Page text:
[Editor's Note: Hi, Noisey readers! Meet Eli. Eli is a teen from New Jersey who emailed us asking if he could write for us. We said yes, and now we're giving him his very own column called Teen Time! For the second installment of Teen Time!, we had him listen to a bunch of new wave music on his snow day.]
Is there anything better than a snow day for a teen? Well yeah, tons of things, but snow days are definitely up there on the list of things that are dope. You get to sleep, devour Netflix, catch up on homework, and listen to hours of new wave.
Yes, new wave. For ten hours, I spent my snow day this past Tuesday (1/27) binge-listening to Rhino Records’ Just Can’t Get Enough: New Wave Hits of the 80’s compilation set. I loved Tears For Fears, Crowded House, Dexys Midnight Runners, and h—la [Editor’s Note: In the interest of keeping Eli out of trouble in school, we decided to bleep all of his swear words.] other new wavers when I was younger—and I still do! It’s a colorful genre that embraced many styles like goth, dance, power pop, and ska. To commemorate my admiration for new wave, I decided to ingest Just Can’t Get Enough’s first ten volumes (it’s all I had the mental stamina for), and it was super shway:
It’s 8:40 a.m. My feet are a little itchy and I’m wondering if my goal of listening to ten hours of new wave is a good idea or not. This volume encapsulates the genre’s booming early days, featuring power pop artists like Blondie, The Knack, and Nick Lowe. I really enjoy Graham Parker’s “Local Girls.” It’s a terrifically structured and executed pop song. Whenever artists on the disc gear towards electronica, it sounds like Throbbing Gristle doing surf pop—specifically The Normal’s “Warm Leatherette” and The Flying Lizards’ rendition of “Money (That’s What I Want).”
I sit on the floor eating Fairway tortilla chips and cold bacon while taking in the “Shooby dooby doowops” of M’s indelible “Pop Muzik.” This album also features “Love Will Tear Us Apart” by Joy Division, unfortunately now known as a band that Urban Outfitters sells shirts of, Ian Dury’s pounding “Hit Me With Your Rhythm Stick”, and Devo’s surprisingly complex “Whip It.” There’s also “I Got You” by Split Enz, which is a hands-down perfect song.
There’s more deviating from new wave’s rock roots. The Selector’s “Too Much Pressure” is blazing ska, and “Stool Pigeon” by Kid Creole and The Coconuts locks into an acidic funk groove. Even with all the wicked tunes, though, I’m still pondering if listening to ten hours of new wave will be worthwhile.
I love XTC’s “Generals and Majors” and “What Do All the People Know” by The Monroes. The latter takes new wave’s independent-thinking mindset and disguises it as a love song: “Could you be the one I'm thinking of? / Could you be the girl I really love? / All the people tell me so / But what do all the people know?” sings Tony Ortiz during the chorus. I loathe The Motors’ “Love and Loneliness,” a bombastic dud that sounds like Wendy Carlos attempting “Bat Out Of Hell.” By now, I’m relaxing and working on some Qigong exercises. I hear that my other chums are playing GTA, shoveling snow, and watching Parks and Recreation.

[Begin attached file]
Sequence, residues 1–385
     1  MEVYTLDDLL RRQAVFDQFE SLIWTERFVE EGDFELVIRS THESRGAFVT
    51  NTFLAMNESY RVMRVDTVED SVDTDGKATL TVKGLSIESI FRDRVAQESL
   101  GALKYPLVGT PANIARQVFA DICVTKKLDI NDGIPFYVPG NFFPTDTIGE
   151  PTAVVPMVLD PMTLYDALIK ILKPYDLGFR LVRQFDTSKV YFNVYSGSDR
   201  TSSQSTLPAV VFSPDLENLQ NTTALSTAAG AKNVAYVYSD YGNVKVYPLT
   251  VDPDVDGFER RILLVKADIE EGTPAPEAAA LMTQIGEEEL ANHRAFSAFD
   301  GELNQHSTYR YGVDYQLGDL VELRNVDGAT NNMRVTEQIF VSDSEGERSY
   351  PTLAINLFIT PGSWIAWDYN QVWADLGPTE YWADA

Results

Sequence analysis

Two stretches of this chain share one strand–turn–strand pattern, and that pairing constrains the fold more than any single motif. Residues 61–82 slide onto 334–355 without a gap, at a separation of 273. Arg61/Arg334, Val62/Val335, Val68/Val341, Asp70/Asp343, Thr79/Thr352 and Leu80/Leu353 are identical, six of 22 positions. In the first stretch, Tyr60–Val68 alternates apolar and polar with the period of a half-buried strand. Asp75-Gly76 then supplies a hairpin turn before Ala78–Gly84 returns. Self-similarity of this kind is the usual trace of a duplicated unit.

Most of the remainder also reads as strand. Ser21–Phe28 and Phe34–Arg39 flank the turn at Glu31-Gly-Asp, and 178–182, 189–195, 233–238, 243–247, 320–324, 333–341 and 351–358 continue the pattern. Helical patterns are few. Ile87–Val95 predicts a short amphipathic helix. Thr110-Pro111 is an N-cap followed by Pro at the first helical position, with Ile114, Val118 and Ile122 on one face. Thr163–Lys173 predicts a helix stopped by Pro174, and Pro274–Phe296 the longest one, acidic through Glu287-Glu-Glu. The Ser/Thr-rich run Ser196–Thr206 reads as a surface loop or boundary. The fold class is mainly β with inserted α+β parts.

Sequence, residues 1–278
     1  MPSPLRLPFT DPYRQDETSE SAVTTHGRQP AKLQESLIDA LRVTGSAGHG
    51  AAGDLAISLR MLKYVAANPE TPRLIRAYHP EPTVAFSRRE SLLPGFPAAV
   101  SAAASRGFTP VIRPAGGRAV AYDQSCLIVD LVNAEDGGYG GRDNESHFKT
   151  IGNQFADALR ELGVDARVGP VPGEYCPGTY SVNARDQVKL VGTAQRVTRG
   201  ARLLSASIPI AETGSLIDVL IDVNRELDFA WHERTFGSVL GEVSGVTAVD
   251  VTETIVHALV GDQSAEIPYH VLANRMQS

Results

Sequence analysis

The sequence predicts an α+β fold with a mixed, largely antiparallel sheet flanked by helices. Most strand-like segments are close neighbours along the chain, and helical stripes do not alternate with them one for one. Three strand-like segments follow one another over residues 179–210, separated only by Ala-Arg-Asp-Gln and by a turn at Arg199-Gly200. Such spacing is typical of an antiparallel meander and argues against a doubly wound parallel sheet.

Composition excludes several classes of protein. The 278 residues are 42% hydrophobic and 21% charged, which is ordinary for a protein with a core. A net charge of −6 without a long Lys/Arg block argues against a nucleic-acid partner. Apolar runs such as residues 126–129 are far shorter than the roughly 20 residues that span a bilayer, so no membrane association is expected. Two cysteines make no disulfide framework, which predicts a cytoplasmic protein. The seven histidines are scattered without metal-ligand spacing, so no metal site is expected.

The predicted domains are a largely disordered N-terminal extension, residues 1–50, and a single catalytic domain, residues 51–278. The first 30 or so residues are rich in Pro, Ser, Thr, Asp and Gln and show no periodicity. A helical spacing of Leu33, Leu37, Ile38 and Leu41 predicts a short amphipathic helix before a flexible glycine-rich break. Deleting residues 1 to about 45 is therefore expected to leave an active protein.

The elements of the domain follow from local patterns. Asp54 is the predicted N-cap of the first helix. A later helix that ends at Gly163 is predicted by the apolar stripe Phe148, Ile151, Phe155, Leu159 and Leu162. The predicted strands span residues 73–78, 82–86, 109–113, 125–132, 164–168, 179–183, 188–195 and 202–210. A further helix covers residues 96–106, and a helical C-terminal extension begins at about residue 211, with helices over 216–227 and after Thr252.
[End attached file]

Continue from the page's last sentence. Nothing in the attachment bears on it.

There are classics like “I Want Candy” by Bow Wow Wow and “Kids In America” by Kim Wilde, which were deplorably covered in the 2000’s by teen superstars Aaron Carter and The Jonas Brothers, respectively. I always get a kick out of Frank Zappa’s “Valley Girl,” and Haircut One Hundred’s oh-so-catchy “Love Plus One” is fantastic.
OK, now I’m confident that I’ll be able to last all ten hours. Jim Carroll’s grimly comedic “People Who Died” cracks me up with lines like, ”Herbie pushed Tony from the boys' club roof / Tony thought that his rage was just some goof / But Herbie sure gave Tony some b—chin’ proof /‘Hey,’ Herbie said, ‘Tony, can you fly?’ / But Tony couldn't fly...Tony died.” ABC’s “Look of Love” funks hard, but the video’s evil puppets, loads of spaghetti, and Tim Burton-like setting creep me out a little.
I decide to finish up some of the Newtons law-related problems in my physics study guide done during hour seven. This is probably one of my least favorite discs because 1) most of the material was shoddy and 2) I was becoming a bit irritable. Tracks like Wide Boy Awake’s “Chicken Outlaw” and Trio’s “Da Da Da...” sound like the laziest, most inane s—ts ever dumped. The only two cuts that I really like are Split Enz’ “Six Months In A Leaky Boat” and Laurie Anderson’s “O Superman (For Massenet).” Actually, “O Superman” is the best track I’ve heard during the ten hours. It’s a phone conversation morphed into a transcendental sonic collage, and sounds just as fresh as Anderson’s avant-garde descendants Andy Stott and Oneohtrix Point Never. Speaking of physics, Oneohtrix actually released an album called R Plus Seven, and I think we learned about the title this past semester (or maybe we learned the F=mxa equation, whatever idk).
I’m eating a hamburger in total awe with Dexys Midnight Runners’ “Come On Eileen” playing in the background. A great discovery was Heaven 17’s “(We Don’t Need This) Fascist Groove Thang,” which has a MEAN bass solo. Thanks to these outstanding tracks, I know I’ll happily get through this new wave binge.
The English Beat’s “Save It For Later,” Marshall Crenshaw’s “Whenever You’re on My Mind,” and Violent Femmes’ “Blister In The Sun” are all on this one. It’s so amazing that I literally #canteven.
Bow Wow Wow’s “Do You Wanna Hold Me?” has great percussive rhythms and harmonies (s/o to Purity Ring for ripping off its chorus melody on “Fineshrine”). Madness’ “Our House” is also killer. As the campy “Puttin’ On The Ritz” by Taco fades into the abyss, I feel accomplished with my intense, yet enlightening new wave adventure.
This new wave snow day was awesome. I got to listen to tracks that I love and experience 80’s gems that I’d never heard before. My advice on new wave binging: relax, do it!